Alaska’s young Republicans: It’s time to act on climate change

$700 million. That’s how much climate change could cost Alaska, every year, if global temperatures continue to rise at current rates. With the Arctic warming twice as quickly as the rest of the world, addressing climate change is more important in Alaska than perhaps anywhere else.

We simply cannot afford inaction.

As young conservatives and active members of the GOP, we worry that if our party fails to address climate change soon, its political future may be at risk. By supporting a targeted, free-market response to the climate crisis — such as the Baker-Shultz Plan — our party can uphold its core values while gaining the support of new constituencies.

To be clear, we aren’t saying Republicans have shirked environmental action. Rather, Alaskans should be proud of the environmental achievements of our Republican delegation in Congress over the past few years. In fact, we think they are among the Republican lawmakers best suited to lead national climate policy.

Sens. Lisa Murkowski and Dan Sullivan have already proven to be an effective bridge between the two parties, while securing policy wins for Alaska, as demonstrated with the recent American Energy Act of 2020 and COVID-19 relief bill.

As Sen. Murkowski concludes her six-year term as chairman of the Senate Energy and Natural Resources Committee, the passage of this bill represents a major achievement for our country and Alaska. Crafted under Chairman Murkowski’s leadership, the American Energy Act is the most significant piece of energy and climate legislation in decades.

Sen. Sullivan, whom we actively supported in his most recent reelection bid while encouraging other young Alaskans to do so, has emerged as a commonsense leader in the arena of environmental policy. This year, in an effort to combat rising levels of plastic ocean debris, Sen. Sullivan sponsored the sweeping Save Our Seas 2.0 Act, which was signed into law by President Donald Trump last month.

President Biden has already signaled his administration’s prioritization of climate change policy. Considering the 50-50 split of the U.S. Senate — with Vice President Harris casting a tiebreaking vote — any substantive policy changes should include Republicans at the table. We think combating climate change can serve as an area of bipartisan cooperation and show Americans that our elected officials can and want to work together for a prosperous future.

The numbers show that young people from both parties support more action on climate change. Young Republican voters are much more willing to support climate-related legislation, even across party lines, than older GOP voters. If Republicans take the lead on this issue, we have a better chance of addressing the climate crisis with rational free-market solutions rather than allowing Democrats to resort to the top-down approach espoused by progressives who believe we can regulate our way to an effective solution.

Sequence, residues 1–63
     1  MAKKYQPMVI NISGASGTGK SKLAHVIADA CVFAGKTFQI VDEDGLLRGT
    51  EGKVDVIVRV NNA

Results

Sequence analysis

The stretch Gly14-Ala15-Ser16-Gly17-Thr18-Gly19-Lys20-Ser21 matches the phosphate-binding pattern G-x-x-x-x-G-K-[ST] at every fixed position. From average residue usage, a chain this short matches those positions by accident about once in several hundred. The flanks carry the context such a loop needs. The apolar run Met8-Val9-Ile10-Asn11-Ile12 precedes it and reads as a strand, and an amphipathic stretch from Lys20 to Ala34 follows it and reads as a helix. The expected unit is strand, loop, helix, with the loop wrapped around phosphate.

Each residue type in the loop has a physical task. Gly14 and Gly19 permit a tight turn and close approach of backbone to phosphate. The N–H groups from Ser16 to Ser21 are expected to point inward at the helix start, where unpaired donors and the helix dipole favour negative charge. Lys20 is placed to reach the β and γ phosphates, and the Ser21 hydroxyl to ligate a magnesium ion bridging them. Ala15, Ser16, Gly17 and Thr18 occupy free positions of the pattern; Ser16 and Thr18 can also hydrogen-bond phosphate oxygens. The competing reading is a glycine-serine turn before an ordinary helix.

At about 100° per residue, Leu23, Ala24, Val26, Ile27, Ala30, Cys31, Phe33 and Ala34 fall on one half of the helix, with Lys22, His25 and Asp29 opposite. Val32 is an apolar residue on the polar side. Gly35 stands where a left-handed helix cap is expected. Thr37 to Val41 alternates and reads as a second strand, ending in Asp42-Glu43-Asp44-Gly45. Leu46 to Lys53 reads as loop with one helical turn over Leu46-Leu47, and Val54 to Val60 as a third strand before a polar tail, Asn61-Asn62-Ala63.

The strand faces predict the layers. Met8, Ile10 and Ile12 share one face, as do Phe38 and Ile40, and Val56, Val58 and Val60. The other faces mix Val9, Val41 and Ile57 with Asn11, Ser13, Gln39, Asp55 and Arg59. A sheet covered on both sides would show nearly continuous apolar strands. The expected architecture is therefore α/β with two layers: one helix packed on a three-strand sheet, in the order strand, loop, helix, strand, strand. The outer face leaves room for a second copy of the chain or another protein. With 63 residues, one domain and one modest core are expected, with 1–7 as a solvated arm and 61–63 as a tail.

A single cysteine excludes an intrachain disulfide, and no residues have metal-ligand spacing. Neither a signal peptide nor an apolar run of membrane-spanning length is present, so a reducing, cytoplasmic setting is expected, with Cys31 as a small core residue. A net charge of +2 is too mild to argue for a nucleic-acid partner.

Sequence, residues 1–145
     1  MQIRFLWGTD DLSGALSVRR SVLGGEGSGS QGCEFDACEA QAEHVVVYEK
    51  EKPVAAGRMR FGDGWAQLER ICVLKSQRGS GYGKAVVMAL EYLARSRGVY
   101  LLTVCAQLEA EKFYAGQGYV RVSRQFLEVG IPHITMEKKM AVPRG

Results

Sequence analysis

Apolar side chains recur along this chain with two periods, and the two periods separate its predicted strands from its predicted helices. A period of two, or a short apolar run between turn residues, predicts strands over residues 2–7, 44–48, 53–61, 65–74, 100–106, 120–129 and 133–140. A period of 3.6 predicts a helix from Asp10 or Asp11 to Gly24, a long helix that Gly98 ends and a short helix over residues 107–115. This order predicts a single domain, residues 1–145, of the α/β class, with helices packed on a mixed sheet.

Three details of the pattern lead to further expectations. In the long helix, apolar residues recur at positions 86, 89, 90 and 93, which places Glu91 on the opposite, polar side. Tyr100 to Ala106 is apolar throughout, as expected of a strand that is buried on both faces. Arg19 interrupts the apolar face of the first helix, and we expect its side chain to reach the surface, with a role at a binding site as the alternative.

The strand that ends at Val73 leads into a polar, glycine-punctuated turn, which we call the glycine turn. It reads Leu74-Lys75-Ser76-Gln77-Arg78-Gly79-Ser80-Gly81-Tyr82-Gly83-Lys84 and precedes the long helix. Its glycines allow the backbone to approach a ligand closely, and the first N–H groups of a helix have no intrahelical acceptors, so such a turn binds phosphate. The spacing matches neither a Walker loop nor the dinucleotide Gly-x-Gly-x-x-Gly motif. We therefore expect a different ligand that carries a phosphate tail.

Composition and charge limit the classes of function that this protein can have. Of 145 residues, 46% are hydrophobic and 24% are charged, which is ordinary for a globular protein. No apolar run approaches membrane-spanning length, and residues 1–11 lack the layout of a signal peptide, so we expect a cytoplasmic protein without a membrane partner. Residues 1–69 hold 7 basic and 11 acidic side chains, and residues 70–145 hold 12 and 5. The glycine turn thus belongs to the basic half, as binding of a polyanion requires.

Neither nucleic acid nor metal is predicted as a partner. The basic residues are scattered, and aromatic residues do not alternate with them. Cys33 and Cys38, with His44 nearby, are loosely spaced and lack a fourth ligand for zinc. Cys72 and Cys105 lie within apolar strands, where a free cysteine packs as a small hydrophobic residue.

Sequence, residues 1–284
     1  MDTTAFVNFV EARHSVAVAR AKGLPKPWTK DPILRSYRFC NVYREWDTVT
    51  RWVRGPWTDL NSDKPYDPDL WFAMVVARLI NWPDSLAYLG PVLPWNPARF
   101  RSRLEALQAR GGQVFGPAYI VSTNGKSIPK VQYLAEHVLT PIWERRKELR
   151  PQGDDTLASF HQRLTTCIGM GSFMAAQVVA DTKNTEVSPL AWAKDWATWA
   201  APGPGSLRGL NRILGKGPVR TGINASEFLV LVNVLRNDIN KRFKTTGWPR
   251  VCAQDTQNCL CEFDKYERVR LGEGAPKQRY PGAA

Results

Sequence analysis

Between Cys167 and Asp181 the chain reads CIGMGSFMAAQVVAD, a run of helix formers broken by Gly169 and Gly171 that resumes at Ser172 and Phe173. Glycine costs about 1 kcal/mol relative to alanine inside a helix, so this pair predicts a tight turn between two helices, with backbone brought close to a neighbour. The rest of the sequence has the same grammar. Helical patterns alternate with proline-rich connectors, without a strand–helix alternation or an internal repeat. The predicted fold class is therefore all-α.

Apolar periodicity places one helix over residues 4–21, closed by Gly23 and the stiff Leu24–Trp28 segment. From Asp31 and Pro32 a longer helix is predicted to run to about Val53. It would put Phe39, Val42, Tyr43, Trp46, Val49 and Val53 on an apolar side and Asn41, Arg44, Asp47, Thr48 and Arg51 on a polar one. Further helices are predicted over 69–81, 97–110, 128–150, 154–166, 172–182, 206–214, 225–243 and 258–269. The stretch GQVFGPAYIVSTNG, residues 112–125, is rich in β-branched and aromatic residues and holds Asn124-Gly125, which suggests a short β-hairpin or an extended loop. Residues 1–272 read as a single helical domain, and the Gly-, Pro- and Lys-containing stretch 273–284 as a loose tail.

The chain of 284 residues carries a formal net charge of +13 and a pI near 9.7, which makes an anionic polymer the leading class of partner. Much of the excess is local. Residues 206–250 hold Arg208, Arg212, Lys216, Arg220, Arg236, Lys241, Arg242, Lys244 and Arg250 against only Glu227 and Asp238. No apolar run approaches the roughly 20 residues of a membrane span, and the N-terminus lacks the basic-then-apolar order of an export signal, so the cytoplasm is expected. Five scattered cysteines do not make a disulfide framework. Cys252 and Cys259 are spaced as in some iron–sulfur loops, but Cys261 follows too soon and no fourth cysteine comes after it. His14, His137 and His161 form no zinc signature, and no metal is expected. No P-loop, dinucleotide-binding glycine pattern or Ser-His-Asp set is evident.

Alaskans are acutely aware of the dangers a changing climate poses to our economy and way of life. Demonstrated by ever more erratic salmon runs, melting permafrost destroying homes and infrastructure across northern Alaska, and wildfires covering the state in smoke, the impacts from climate change will continue to intensify — costing lives and millions of dollars in lost economic activity.

In order to mitigate the worst effects of a changing climate, organizations like Young Conservatives for Carbon Dividends support a price on carbon. Dubbed the “Baker-Shultz Plan,” James Baker and George Shultz, former Republican cabinet Secretaries under President Ronald Reagan, drafted a plan to place a gradually rising price on carbon and return the revenues collected as a dividend to the American people. Under the Baker-Shultz Carbon Dividends plan, the average American family of four could expect a dividend of more than $2,000 annually. The best part is, this plan is proven to be effective and will slash carbon emissions by 57% by 2035, while increasing GDP by $190 billion per year compared to the regulatory approach.

Supported by energy companies — such as ExxonMobil and ConocoPhillips — and environmental groups alike, the Baker-Shultz plan is a free-market solution proven to unleash the power of American innovation, promote sustainable economic development, and ensure a near-term competitive advantage for Alaska’s oil and gas production.

We look forward to proactive bipartisan legislative efforts led by Sens. Murkowski and Sullivan during the 117th Congress. After the passage of Ballot Measure 2, Alaskans demonstrated their desire for policy outcomes that put Alaska first, and that’s exactly what the Baker-Shultz Carbon Dividends plan seeks to accomplish.

Jackson Blackwell was born in Sitka and raised on the Kenai Peninsula and serves as the Young Conservatives for Carbon Dividends Alaska Regional Director. Kobe Rizk was born and raised in Fairbanks and will graduate from Yale University in May of 2021 with a degree in history and energy studies. Jackson and Kobe served as co-chairs of the Young Alaskans for Sullivan 2020 campaign.

The views expressed here are the writer’s and are not necessarily endorsed by the Anchorage Daily News, which welcomes a broad range of viewpoints. To submit a piece for consideration, email commentary(at)adn.com. Send submissions shorter than 200 words to letters@adn.com or click here to submit via any web browser. Read our full guidelines for letters and commentaries here.